Newly-appointed board member for Malawi Revenue Authority (MRA) Lincoln Bailey who has Jamaican roots has opposed to the issuing of a single buyer license to yet another state power company Power Market Limited (PML).
Bailey, who runs Rukuru Power Company Limited, an Independent Power Producer (IPP), has opposed to the operationalization of PML through a letter to the Chief Executive Officer of Malawi Energy Regulatory Authority (Mera) dated 16th July 2020 which Nyasa Times has seen.
In the letter, Bailey argues that with an installed generation capacity of only 351 Megawatts (MW), bringing in a third state controlled power company in the power sector would increase electricity costs for the consumers and this should not be allowed.
Bailey said in the letter that the 2016 Electricity Amendment Act paved the way for the breakup of Electricity Supply Corporation of Malawi (Escom) into component parts of Generation,
Transmission and Distribution and under which the Single Buyer, Systems and Market
Operations as a separate entities were specified.
He said under this new dispensation the Electricity Generation Company (Egenco) was registered and made operational on 1st January 2017 and took over management of the 351MW generation capacity.
“Egenoc as a separate entity from Escom means that it has its own institutional structure from board, executive management to staffing. Since its operationalization its main claim to fame is the contracting of international company Aggreko to provide very expensive 78 MW of gas turbine Peaking capacity.
“Had Generation remained a division under Escom the bulk of the additional cost associated with Egenco’s operationalization would have been saved and not become a burden on electricity tariffs.”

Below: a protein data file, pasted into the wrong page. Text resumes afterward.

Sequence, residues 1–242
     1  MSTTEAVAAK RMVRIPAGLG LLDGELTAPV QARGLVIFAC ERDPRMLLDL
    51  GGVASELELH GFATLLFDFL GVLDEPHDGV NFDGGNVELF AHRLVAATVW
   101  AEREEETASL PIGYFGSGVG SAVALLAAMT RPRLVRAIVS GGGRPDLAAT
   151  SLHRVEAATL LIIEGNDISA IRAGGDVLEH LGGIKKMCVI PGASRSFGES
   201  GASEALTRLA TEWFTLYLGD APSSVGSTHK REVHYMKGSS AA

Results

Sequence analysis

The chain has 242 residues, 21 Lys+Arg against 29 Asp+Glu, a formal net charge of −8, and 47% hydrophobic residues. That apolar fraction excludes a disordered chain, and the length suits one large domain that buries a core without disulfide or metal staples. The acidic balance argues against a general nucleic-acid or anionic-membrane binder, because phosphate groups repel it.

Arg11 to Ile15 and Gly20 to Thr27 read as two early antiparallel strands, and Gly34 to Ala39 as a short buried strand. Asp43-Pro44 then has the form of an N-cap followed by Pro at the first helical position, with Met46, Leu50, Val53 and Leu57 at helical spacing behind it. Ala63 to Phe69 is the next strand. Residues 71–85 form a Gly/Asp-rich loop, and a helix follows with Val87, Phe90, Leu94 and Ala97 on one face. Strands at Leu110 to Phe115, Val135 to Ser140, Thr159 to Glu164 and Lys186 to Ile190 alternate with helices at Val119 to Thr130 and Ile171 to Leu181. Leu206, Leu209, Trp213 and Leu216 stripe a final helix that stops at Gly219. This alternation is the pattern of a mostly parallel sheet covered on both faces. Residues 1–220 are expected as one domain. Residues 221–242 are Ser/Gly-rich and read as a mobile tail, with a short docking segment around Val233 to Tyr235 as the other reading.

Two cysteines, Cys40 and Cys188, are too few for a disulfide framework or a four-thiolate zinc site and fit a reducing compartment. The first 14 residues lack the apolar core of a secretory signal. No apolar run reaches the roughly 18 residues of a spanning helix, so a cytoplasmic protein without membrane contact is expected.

“The operationalization of Power Market Limited will have the exact same effect of adding to electricity supply cost without any measurable efficiency benefits. The resulting establishment costs; executive management cost including the obligatory fleet of Toyota VXs will be loaded onto electricity tariff. Such costs are unnecessary and avoidable. They run counter to the objective of making electricity affordable to poor consumers,” reads the letter in part.
Bailey said the direct consequence of the current management structure of the power sector is higher than necessary cross-subsidy from electricity consumers or direct subsidy from tax payers adding that the unnecessary tax burden must be avoided.
He said the approach to management of the power sector in Malawi is not in line with regional best practice noting that South Africa has installed capacity of 40,000 MW, Zambia 2,800MW, Zimbabwe 2,500MW, Kenya 2,351MW and Tanzania 1,504MW against Malawi’s ‘paltry 351 MW’.
“What we have created in Malawi is an uncompetitive power sector with 3 separate state owned monopolies. What this means is that institutional cost of these three entities will be passed on to consumers and make power supply cost much higher than what it should otherwise be.”
“The most rational and sensible thing to do at this time is to maintain power generation, transmission and distribution as division under a unified Escom. Malawi’s current and medium term power sector outlook does not warrant the operationalization of Power Market Ltd,” advises Bailey.
“Malawi’s power sector focus is wrong. Instead of working to increase installed Base Load generation capacity, build and reinforce transmission lines, substations and transformers to end the daily load shedding we have been suffering for years, astonishingly the powers that be are instituting measures to increase power supply transaction costs.”
“The current and medium-term status of the power sector in Malawi does not warrant the fragmentation of the power utility. The priority should be to strengthen ESCOM, to restore the professionalism that it was renowned for up to 1994, not the licensing of Power Market Ltd. The application must therefore not be approved.”
“The license application should be revisited sometime in the future when we have increased power supply to fuel growth in the economy and there are a number of IPP operating in the power generation space. The Malawi Power sector conditions at this time does not warrant the operationalization of new state-owned entity,” reads part of the letter by Bailey.Follow and Subscribe Nyasa TV :